Saturday, December 19, 2009

Is Fear of the E-book Killing Book Stores?

No, it's the economy, silly.

Evergreen Review posted what could have been a wonderful essay on the closing of San Francisco's beloved bookstores. Unfortunately, the author was bitten by the 'Nazi' bug along the way, leaving much of the essay incoherent and over-emotional.

I quote a passage discussing the $9.99 price tag for a digital novel: "One wonders why Nourrey cannot simply advise E- Book to go fuck itself and produce high-quality reasonably priced books, even if in smaller numbers. But the truth is, Nourrey, like Bertelsmann, like most American book publishers, are linked to twenty first century, late-stage hypercapitalist imperatives predicated entirely upon ceaseless expansion, the inherent belief in Darwinian obsolescence and succession as the lifeblood of successful economics and societal advance."

Ahh – there may be a pony in all that horseshit, but good luck finding it.

"Late-stage hyper-capitalist imperatives" I believe he's talking about the Big Six and their marketing paradigm. Since 'business as usual' was profitable in the middle of the last century it will be profitable in the digital age. (Ask the Auto Industry how mid-century business tactics worked for them. Not!)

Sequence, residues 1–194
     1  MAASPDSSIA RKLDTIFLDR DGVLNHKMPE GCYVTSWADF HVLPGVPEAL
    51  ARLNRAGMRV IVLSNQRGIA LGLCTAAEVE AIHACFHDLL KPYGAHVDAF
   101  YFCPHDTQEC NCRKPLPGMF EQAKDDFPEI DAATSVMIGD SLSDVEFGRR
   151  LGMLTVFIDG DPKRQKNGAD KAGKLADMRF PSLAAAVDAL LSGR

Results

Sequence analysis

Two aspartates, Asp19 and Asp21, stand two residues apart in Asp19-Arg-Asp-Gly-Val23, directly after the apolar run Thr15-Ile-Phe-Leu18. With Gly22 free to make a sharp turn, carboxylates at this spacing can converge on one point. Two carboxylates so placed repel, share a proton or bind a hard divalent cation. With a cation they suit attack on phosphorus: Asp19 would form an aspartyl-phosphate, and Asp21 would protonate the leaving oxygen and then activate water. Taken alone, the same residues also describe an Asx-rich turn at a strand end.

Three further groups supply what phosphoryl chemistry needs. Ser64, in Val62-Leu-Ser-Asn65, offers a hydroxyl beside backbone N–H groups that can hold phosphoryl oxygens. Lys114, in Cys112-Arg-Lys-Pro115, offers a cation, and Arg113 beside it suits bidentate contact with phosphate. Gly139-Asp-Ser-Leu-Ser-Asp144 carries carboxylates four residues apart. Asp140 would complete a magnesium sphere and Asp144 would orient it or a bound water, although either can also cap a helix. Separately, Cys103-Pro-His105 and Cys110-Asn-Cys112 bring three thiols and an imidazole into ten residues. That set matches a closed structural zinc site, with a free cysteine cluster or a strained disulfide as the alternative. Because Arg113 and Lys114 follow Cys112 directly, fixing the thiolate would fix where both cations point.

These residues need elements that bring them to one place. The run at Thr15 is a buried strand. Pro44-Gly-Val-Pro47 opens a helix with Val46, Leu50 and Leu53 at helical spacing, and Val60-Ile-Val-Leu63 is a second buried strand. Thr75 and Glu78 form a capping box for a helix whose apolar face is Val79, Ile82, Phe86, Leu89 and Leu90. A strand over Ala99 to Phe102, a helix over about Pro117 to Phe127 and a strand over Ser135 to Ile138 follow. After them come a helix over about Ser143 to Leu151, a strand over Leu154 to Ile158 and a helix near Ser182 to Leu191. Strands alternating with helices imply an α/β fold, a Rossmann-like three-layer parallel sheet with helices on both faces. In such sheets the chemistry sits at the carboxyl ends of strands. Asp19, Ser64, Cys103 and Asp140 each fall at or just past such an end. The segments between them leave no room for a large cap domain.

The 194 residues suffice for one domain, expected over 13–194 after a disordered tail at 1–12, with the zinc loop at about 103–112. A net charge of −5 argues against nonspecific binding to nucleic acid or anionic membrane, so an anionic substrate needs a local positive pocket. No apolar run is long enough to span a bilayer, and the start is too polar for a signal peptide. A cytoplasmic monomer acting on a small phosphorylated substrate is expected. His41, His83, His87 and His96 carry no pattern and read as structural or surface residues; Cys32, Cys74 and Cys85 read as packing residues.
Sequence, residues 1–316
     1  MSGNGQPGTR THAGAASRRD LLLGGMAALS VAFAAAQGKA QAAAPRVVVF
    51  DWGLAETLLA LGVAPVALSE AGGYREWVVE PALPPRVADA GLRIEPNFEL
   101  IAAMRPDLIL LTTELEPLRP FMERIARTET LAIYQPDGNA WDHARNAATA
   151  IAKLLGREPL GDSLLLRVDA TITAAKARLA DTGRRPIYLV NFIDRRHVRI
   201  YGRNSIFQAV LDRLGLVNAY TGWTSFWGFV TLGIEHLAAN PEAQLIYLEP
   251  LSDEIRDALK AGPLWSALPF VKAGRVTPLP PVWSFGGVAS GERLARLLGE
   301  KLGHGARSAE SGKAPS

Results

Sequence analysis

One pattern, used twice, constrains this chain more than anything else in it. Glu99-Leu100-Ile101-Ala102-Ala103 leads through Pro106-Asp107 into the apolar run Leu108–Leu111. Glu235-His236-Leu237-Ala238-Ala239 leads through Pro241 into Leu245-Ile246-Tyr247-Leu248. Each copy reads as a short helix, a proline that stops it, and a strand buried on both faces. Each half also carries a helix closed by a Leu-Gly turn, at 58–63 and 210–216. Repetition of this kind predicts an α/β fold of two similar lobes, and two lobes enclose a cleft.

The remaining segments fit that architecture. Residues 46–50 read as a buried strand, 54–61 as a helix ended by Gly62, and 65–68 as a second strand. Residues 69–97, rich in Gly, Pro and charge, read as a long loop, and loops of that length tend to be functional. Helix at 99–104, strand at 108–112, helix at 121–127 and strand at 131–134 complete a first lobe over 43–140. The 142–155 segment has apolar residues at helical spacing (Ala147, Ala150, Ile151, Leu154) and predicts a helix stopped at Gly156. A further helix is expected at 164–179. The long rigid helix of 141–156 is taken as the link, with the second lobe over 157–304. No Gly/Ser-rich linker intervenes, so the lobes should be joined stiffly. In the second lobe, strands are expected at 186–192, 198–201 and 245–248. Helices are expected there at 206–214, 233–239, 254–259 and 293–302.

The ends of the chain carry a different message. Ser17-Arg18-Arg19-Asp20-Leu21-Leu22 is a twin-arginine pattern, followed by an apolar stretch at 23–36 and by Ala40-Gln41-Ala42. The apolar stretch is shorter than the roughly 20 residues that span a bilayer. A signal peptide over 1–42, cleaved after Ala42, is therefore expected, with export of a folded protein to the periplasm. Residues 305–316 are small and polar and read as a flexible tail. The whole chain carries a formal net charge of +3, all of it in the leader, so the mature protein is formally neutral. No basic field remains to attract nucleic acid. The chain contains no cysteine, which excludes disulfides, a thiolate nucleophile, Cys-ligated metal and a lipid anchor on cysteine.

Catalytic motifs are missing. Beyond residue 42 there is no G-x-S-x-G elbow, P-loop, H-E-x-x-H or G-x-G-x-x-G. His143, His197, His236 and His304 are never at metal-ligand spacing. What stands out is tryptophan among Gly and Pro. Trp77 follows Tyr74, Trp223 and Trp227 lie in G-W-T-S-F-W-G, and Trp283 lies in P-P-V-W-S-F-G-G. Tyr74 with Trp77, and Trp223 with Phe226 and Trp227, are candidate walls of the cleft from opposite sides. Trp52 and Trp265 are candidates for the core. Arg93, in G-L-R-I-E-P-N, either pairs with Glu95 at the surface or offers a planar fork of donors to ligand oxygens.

Perhaps we can translate as follows: 'big print runs for big book stores' mentality meets Wal-Mart's volume discount book purchase policy. The result is lower profits for everyone.

As I wrote in a previous blog – my Theory of Publishing – the Big Six rely on print runs of thousands of books.
These printings are warehoused – then shipped to a 3rd party distributor's warehouse. The bookstores buy from the distributors, not from the publishers. The fly in this quaint 19th Century ointment is the 'return' policy. The physical books aren't returned, only the covers. Return credit for the wholesale price works back up the chain to the publisher. Alas, since the publisher doesn't get books back, they have to print more books. (Authors are charged for returns against their advance.) The reader goes to the bookstore, paying $28, plus tax, minus any discounts for book. (Author makes less than $2 per book.)

The printer and distributor win. Little old ladies buy coverless books from the flea-markets by the box, for pennies each. (Grandma bought coverless books at the Florida flea-markets by the bag full in the 1970's.)

Which is why all of the independent publishing companies rely on 'Print on Demand.'

This theory cuts out the distributor and maybe the bookshop: Reader hears about book on blog. Reader follows link to Book Site. Reader purchases book online. Book is printed and shipped by PoD company. Reader, author and printer all win. Bookstores can order too, they just need to have demand for the book.*